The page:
Is Your Leg Pain Sciatica or Something Else?

How to find relief
Man exercising with leg pain

Sciatica. You’ve heard other people talk about this weird leg pain — and now, joy, you’ve got mystery leg pain of your own. Is it sciatica? Spine expert Santhosh Thomas, DO, MBA explains what it is, how to tell if you have it — and how to get relief.

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What is sciatica?

Sciatica is leg pain caused by a pinched nerve. And not just any nerve: Sciatica affects the sciatic nerve, the longest, widest nerve in your body. (In other words, it’s important — and when it’s hurting, it’s hard to miss.)

Nerves come out from your spine and sacrum (your tailbone) and supply strength, sensation and contribute to reflexes that are checked in the doctor’s office. These small nerves exit the spine and form the sciatic nerve, which branches out from each side of your tailbone. They come together, then split again into two large segments that run through your backside and down each leg. They bring movement and sensation to your hips, buttocks and legs.

Sciatica rears its ugly head when something compresses the nerve. That pinch results in pain (and sometimes weakness) up and down the leg, usually just on one side.

“People describe it in all sorts of ways — burning, tingling, numbness, radiating pain or electric shock sensations,” Dr. Thomas says. “Those sensations can come right out of the blue.”

The pain can be severe and might even make it hard to walk or stand.

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Causes of sciatica

A variety of problems can put the squeeze on your sciatic nerve. Some of the more common culprits include:

  • Herniated (slipped) discs between the vertebrae pressing on the sciatic nerve.
  • Spinal stenosis, or narrowing of the spinal canal.
  • Spondylolisthesis, when one of the vertebrae slips out of place.
  • Piriformis syndrome, which occurs when the piriformis muscle deep in the derriere becomes tight or starts having spasms.
  • Pregnancy, which can put pressure on the sciatic nerve — especially during the third trimester.

Sciatica symptoms — or something else?

Sciatica isn’t the only reason for pain in the legs, of course. Other conditions can mimic sciatica:

  • Vascular disease: Narrowing of the blood vessels in the legs can cause pain and cramps and might make it hard to walk.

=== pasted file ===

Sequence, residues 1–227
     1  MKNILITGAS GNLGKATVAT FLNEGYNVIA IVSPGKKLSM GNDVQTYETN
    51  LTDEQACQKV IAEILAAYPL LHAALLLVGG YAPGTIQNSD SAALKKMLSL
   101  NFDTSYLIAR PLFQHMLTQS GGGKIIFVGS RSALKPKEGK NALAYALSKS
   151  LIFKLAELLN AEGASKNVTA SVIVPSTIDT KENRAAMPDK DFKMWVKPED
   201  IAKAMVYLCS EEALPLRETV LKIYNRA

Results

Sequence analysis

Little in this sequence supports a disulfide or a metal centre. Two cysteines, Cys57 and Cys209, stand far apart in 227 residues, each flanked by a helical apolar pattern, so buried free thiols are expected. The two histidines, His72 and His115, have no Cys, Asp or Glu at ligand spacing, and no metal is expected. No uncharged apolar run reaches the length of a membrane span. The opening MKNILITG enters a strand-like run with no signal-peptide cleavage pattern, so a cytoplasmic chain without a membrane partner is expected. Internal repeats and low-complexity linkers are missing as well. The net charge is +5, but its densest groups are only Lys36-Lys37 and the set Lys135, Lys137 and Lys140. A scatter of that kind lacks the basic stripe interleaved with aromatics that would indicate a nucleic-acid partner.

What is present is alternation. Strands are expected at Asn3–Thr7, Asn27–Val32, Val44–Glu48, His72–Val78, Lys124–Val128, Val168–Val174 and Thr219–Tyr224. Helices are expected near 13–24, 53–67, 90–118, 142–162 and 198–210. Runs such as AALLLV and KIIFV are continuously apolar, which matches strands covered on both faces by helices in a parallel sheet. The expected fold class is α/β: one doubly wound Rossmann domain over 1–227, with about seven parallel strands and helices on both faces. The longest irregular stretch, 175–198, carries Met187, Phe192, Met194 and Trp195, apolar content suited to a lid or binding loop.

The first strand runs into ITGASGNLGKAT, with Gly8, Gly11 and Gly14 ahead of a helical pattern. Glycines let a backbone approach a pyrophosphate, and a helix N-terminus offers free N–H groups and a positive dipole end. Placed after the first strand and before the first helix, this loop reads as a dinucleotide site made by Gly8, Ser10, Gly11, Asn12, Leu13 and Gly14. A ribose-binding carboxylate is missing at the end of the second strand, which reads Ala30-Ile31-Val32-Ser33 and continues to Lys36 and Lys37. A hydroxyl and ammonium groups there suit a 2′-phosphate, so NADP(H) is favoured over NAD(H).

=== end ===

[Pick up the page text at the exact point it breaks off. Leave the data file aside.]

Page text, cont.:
• Peripheral neuropathy: Small nerves in the legs can become damaged, causing burning, pain, tingling or numbness in the foot or lower leg. This type of nerve damage is often related to diabetes, alcohol use disorder or other medical conditions.
  • Peroneal neuropathy: An injury to the peroneal nerve below the knee can cause weakness and make it hard to lift the foot.

How can you tell if you’re dealing with sciatica or something else? Sciatica tends to affect the length of the leg, not just the foot. And most often, that pain radiates downward from top to bottom, Dr. Thomas says.

Another clue: Sciatica usually strikes just one side. “If you have pain in both legs, it is less likely a disc herniation, but more likely due to degenerative changes like spinal stenosis,” he says.

Sciatica treatment

If you suspect you have sciatica, should you drop everything and run (er, limp) to the doctor’s office? It’s usually not an emergency, Dr. Thomas says. But it’s a good idea to get a physical exam to find out what’s going on.

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If you have weakness in the leg, or bowel and bladder problems, get checked out soon, he adds. Those symptoms could indicate a more serious problem that could lead to permanent nerve damage if you don’t get prompt treatment. 

Sciatica usually goes away in time and without serious complications — though it might take a few weeks or months, Dr. Thomas says. While you wait (impatiently), there are several ways to manage the pain:

  1. Oral medications: Anti-inflammatories, prescription pain medications, steroids and muscle relaxants can all be used to relieve pain and improve mobility in people with sciatica. “The right medicine depends on your symptoms,” Dr. Thomas says.
  2. Physical therapy: Stretching exercises and other physical therapy maneuvers can ease pressure on the pinched sciatic nerve.
  3. Spinal injections: Injecting anti-inflammatory medications and anesthetics into the spine can calm swelling and help you move more easily.
  4. Surgery: When people don’t respond to other treatments or have serious problems like loss of bladder control, surgery might be necessary to repair the spine problems. But that’s a worst-case scenario, says Dr. Thomas. “We can treat nearly 90 percent of people without surgery.”

Now sciatica isn’t such a mystery. It’s still no fun, but at least you know what you’re dealing with — and relief is in sight.

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